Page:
Nick Clegg's big error of judgement
I was disappointed to see Nick Clegg reject David Cameron's offer of, if not friendship, at least a working relationship.
If my analysis is correct, Cameron realised that with Labour's declining strength, there was (and perhaps still is) an opportunity for the two main parties in contention to become the Conservatives and Lib Dems. I would support this outcome because I think the Labour leaders clearly did not represent the working class during their last 12 years in power, but acted selfishly, dramatically eroded civil liberties and ultimately bankrupted the country (not for the first time).
The fact that Nick Clegg threw Cameron's offer back at him shows he is not leading properly.
Clegg should have said something like: "The Lib Dems have much to offer and many unique points, though we welcome the Tory party support in working with us in fields where our objectives/policies correlate to see Britain improved."
The Lib Dems must up their game for the good of the country and prepare themselves for the possibility of having a real chance of winning two-four elections down the line. If they cannot break out of the "protest only" mindset, then this opportunity will be lost.
Labels: My philosophy, Politics
University clearing is unnecessarily tough.
Back in January this year I posted that I thought the government had made a mistake by reducing/capping the number of university places
. My argument back then was that by increasing places you can encourage more students to go to university and develop their skills and take young people out of the job market. I made it explicitly clear that it was a much better investment than a lot of what the government was spending its money on.
Consider how tough clearing is right now:
a) More applications from existing students for MAs/PHDs
b) More undergraduate applications to universities
c) Grade inflation and more people achieving high marks
d) Restricted growth of places enforced by the government
This is unfair and I really feel for anyone hunting for a place. If I were searching for a course, I would contact the universities I had applied to and see if they can offer me anything and if not, get a league table of the universities and phone up each one until I'd got a place. Also I would consider being flexible about what I wanted to study.
The UCAS website and hotline
TIP: Always phone
a university you are interested in (you can normally find their telephone numbers on their websites) and don't just rely on listings
in newspapers and such. There may be unadvertised places available.
Labels: Miscellaneous, My philosophy, Politics
Firefox reaches 1 billion downloads
Congratulations are in order to Mozilla following their announcement that Firefox
has been downloaded 1 billion times in total and that market share is now around 31%. Now onwards to 2 billion!
The full story can be found here
Labels: Technology, Web tools
Trial without a jury - how is this acceptable?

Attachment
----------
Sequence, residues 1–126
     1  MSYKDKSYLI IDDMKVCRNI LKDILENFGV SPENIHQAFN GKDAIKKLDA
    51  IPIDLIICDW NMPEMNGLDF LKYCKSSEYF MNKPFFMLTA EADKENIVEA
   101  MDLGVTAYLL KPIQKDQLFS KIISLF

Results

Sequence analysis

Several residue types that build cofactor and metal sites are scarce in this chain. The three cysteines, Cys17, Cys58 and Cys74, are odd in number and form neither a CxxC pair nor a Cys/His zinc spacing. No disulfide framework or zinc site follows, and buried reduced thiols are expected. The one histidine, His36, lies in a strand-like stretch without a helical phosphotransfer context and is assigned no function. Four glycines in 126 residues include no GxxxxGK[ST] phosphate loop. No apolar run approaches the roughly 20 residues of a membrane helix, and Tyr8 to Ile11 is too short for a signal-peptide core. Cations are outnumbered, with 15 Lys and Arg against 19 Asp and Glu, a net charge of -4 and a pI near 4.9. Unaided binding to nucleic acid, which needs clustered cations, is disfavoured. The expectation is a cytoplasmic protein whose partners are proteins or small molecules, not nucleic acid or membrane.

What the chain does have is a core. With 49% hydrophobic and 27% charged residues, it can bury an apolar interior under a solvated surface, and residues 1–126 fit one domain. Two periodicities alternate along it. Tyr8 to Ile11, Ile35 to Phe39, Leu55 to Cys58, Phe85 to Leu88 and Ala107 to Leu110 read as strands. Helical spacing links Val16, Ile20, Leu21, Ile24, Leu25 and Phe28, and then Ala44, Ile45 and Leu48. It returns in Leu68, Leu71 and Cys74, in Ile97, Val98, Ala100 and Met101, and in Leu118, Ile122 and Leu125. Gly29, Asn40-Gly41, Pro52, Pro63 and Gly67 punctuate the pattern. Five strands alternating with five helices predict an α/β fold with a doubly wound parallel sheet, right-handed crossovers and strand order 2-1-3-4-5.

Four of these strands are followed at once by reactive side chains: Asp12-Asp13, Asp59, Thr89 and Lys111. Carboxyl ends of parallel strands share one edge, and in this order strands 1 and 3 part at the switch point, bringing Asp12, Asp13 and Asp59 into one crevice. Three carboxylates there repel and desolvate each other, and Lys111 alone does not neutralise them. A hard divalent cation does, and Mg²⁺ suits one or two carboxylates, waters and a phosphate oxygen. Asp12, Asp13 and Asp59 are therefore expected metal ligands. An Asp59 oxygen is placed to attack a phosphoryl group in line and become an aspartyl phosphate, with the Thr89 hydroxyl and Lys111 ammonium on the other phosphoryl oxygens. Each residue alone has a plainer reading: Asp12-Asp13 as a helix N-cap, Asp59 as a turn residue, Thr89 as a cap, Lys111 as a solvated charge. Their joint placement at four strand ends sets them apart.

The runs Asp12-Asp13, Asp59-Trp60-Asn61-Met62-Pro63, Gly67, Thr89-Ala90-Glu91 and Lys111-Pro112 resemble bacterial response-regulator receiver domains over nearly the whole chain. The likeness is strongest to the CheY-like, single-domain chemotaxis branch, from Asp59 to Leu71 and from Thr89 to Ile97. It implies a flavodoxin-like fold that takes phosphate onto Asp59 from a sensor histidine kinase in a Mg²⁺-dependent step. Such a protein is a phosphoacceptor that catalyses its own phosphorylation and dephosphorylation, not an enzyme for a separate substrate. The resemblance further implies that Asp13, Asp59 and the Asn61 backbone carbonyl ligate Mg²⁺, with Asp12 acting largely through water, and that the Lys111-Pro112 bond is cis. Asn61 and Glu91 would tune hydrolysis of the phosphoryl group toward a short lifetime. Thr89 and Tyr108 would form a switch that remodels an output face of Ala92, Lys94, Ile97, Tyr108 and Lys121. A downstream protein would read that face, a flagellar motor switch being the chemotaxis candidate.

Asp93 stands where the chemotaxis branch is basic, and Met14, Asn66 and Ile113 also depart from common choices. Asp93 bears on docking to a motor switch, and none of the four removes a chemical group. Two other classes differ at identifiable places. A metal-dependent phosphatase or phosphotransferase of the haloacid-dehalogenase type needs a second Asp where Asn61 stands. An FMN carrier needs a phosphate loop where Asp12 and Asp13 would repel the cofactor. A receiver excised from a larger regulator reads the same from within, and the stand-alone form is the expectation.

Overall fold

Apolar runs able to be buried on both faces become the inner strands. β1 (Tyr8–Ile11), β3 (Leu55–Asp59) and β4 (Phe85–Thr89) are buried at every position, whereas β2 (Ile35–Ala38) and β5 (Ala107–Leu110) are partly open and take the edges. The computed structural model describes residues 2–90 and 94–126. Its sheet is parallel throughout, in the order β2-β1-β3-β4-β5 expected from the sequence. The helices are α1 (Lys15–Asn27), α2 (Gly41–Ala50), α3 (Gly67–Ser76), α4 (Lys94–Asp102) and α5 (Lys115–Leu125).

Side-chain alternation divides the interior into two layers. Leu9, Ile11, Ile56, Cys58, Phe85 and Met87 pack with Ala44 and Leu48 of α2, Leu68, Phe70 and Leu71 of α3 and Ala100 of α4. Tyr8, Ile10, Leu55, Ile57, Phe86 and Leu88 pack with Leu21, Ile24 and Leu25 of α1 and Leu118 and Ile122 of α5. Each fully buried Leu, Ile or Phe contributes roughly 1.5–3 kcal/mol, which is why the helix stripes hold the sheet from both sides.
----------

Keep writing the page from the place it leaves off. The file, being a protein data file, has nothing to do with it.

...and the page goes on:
and The Sun
are reporting the story that for the first time in England and Wales a trial without a jury will occur.
This is simply unjust. It is one of the fundamental rights that defines our society.
BBC clip on the ANPR database
The BBC has an interesting video on ANPR here
which eloquently summarises the pros and cons of the system.
As you might expect, whilst I can acknowledge the benefits of the system in all manner of crime fighting, I fear the scheme is the precursor to things like road charging, extended congestion/emission charging and additional driving laws/restrictions with far tougher enforcement.
Moreover it enables the government to comprehensively track innocent people travelling - whether to go on holiday or on a business trip or simply to meet with friends. Add this to the extensive public transport surveillance infrastructure, air and port surveillance and additional general monitoring cameras and suddenly it has become extremely difficult to travel without being recorded.
This is not necessarily a bad thing if we can trust the people working in the government to behave responsibly
and not lose data
However if we were to get people in the government willing to abuse their positions and compromise national security and individual liberty, then the flood gates open for stalkers. All it would take is a few well positioned people and suddenly people in government protection would become vulnerable (as they frequently travel by car). Violent partners with connections could conceivably track down their relocated Exs and their children. Debt collectors could hunt for evaders and company activities could be extensively scrutinised, perhaps by competitors.
Sometimes it is important to be anonymous and have privacy for legitimate reasons, not simply to cover up your expenses, for example. So a message to the Labour party, not that I expect it to be heeded at this late hour: if you want to protect yourself, protect others.
Labels: My philosophy, Politics, Privacy, Technology